In a conference call with bloggers this week, House Oversight chairman Darrell Issa (R-CA) made a haunting observation: “There are no partners in America any more.”
He was talking about the exodus of American businesses to overseas, particularly those who seek manufacturing partners. “In 1980, when we came out of the Carter depression, we had a manufacturing base,” Issa reflected. “Today, if I had an idea for a product, I’d have to fly to Asia to find a manufacturing partner.”
He was thinking about General Electric’s recent decision to move a hundred-year-old X-ray plant from Wisconsin to Beijing. This is G.E., one of the MVPs of crony capitalism, whose CEO Jeff Immelt is a Presidential advisor. Specifically, he heads Obama’s Council on Jobs and Competitiveness.
Issa spoke of hearing from established businessmen who loathe the environment faced by today’s entrepreneurs, saying they “couldn’t do today what they did 35 years ago.” The business landscape has been fundamentally transformed for the worse… and it wasn’t free-market capitalists who did it.
The national debt was less than one trillion dollars when Jimmy Carter left office. President Obama likes to bring up Bill Clinton’s budget surplus when it suits him, but doesn’t mention that Clinton’s final budget spent only $1.7 trillion. That’s roughly equal to Obama’s budget deficit this year, and half what the federal government will spend in 2011. A serious proposal to reduce the size of government to Clinton levels would be immediately dismissed as utter madness, a complete non-starter.
Of course such a radical expansion of government has altered the private-sector landscape. The private sector inevitably contracts as the government grows. The economy can be guided by either regulators or innovators. Our destiny can be either the pursuit of opportunity, or obedience to the commands of politicians.
The reality of the global marketplace is a level of connection, and capital mobility, unimaginable only a century ago. Issa described General Electric as having a “global strategy.” It’s not that hard for a sizable company to have such a strategy, in an age of light-speed information transfer and jet-engine transportation. The global marketplace introduced a new idea that the business world is still trying to digest: governments must be competitive now.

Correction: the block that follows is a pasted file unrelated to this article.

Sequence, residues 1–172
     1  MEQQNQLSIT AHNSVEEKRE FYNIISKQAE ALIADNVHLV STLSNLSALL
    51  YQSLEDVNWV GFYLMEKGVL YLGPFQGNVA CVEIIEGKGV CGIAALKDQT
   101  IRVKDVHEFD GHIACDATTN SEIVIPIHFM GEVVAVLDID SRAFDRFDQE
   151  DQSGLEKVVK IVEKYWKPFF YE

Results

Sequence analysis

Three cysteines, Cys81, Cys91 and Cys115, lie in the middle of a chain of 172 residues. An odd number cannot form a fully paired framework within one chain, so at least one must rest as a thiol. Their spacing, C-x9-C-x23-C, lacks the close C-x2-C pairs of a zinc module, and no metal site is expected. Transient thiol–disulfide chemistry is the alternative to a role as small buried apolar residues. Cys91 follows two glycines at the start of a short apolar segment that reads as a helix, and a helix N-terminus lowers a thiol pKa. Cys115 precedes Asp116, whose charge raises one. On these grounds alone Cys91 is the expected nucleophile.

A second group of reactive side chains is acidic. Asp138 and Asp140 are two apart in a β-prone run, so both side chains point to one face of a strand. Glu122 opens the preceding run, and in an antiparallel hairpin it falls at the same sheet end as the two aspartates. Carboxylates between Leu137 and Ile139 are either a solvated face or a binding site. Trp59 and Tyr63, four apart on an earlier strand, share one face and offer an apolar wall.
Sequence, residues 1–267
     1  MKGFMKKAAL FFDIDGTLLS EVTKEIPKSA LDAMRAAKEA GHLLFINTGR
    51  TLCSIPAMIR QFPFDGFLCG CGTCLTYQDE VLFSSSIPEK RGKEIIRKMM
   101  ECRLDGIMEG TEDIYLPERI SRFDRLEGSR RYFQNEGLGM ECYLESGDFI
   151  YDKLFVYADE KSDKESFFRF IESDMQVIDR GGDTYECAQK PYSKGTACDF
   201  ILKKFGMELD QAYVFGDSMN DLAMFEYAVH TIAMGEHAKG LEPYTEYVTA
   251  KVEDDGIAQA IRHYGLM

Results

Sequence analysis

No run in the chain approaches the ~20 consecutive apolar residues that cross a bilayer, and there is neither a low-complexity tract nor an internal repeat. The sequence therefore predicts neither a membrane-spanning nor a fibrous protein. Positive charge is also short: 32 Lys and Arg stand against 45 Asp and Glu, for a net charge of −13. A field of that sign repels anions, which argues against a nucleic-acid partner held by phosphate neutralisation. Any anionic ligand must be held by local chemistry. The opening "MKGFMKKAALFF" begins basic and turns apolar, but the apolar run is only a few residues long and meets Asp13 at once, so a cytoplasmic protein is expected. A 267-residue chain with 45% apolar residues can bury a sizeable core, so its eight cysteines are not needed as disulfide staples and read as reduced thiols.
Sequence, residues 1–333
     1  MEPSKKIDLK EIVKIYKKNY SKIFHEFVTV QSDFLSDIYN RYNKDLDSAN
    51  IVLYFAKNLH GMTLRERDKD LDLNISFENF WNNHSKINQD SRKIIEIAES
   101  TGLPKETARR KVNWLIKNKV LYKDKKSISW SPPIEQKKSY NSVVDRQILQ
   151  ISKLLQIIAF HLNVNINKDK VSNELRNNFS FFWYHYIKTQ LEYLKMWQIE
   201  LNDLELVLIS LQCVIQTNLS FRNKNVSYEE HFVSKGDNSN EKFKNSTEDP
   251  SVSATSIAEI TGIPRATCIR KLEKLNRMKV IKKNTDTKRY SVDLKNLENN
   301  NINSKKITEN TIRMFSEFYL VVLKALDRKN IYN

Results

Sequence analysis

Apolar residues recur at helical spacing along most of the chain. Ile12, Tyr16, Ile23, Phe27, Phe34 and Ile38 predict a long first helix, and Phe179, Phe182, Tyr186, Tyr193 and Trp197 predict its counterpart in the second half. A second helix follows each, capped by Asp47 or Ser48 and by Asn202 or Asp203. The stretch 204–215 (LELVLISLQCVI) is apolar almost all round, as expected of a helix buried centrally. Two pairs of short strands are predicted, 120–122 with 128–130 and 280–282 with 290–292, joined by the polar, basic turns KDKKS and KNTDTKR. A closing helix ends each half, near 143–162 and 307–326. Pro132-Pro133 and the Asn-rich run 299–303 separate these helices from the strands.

Governments compete with one another to attract internationally mobile businesses. Read today’s dismal economic headlines, and you will see that the United States federal government is not competing very well. Some of the states are doing a much better job of attracting business than others. Rep. Issa joked that he hates Texas governor Rick Perry because he’s stealing all the jobs from Issa’s native California.
True economic competition is merciless to the losers. The current Administration is run by losers. Businesses that have the power to escape their clutches are doing so. Energy that could be poured into job-creating innovation and risk-taking is instead diverted to the far more urgent task of currying favor with the political class, to score waivers and subsidies. Getting chosen as a “winner” by Washington is more important than winning.
There are no partners in America any more, because every business has been compelled to accept the same massive, clueless, emotionally unstable, and incredibly dangerous senior partner – one that can never go out of business, lose his credentials, or be punished for breaking the law. Ask him to address a problem when there’s still time to deal with it, and he’ll call you a radical. Hold him responsible for waiting too long, and he’ll call you an extremist. He will never accept an ounce of blame for his mistakes, or take responsibility for failure, and he’s currently howling at the top of lungs that he will never, ever stop borrowing money.
Our universal senior partner is not sure why his brilliant plans aren’t working… but he’s pretty sure it’s your fault.
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